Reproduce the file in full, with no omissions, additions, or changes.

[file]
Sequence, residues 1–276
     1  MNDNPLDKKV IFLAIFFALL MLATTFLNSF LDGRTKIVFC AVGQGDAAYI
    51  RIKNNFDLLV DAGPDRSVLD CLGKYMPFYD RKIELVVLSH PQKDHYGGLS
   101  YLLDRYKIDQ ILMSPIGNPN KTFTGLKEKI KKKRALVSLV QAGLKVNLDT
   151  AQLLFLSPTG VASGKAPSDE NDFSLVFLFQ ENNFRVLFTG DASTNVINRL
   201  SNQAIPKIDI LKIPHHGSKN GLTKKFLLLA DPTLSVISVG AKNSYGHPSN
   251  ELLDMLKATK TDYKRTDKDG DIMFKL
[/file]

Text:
Sequence, residues 1–276
     1  MNDNPLDKKV IFLAIFFALL MLATTFLNSF LDGRTKIVFC AVGQGDAAYI
    51  RIKNNFDLLV DAGPDRSVLD CLGKYMPFYD RKIELVVLSH PQKDHYGGLS
   101  YLLDRYKIDQ ILMSPIGNPN KTFTGLKEKI KKKRALVSLV QAGLKVNLDT
   151  AQLLFLSPTG VASGKAPSDE NDFSLVFLFQ ENNFRVLFTG DASTNVINRL
   201  SNQAIPKIDI LKIPHHGSKN GLTKKFLLLA DPTLSVISVG AKNSYGHPSN
   251  ELLDMLKATK TDYKRTDKDG DIMFKL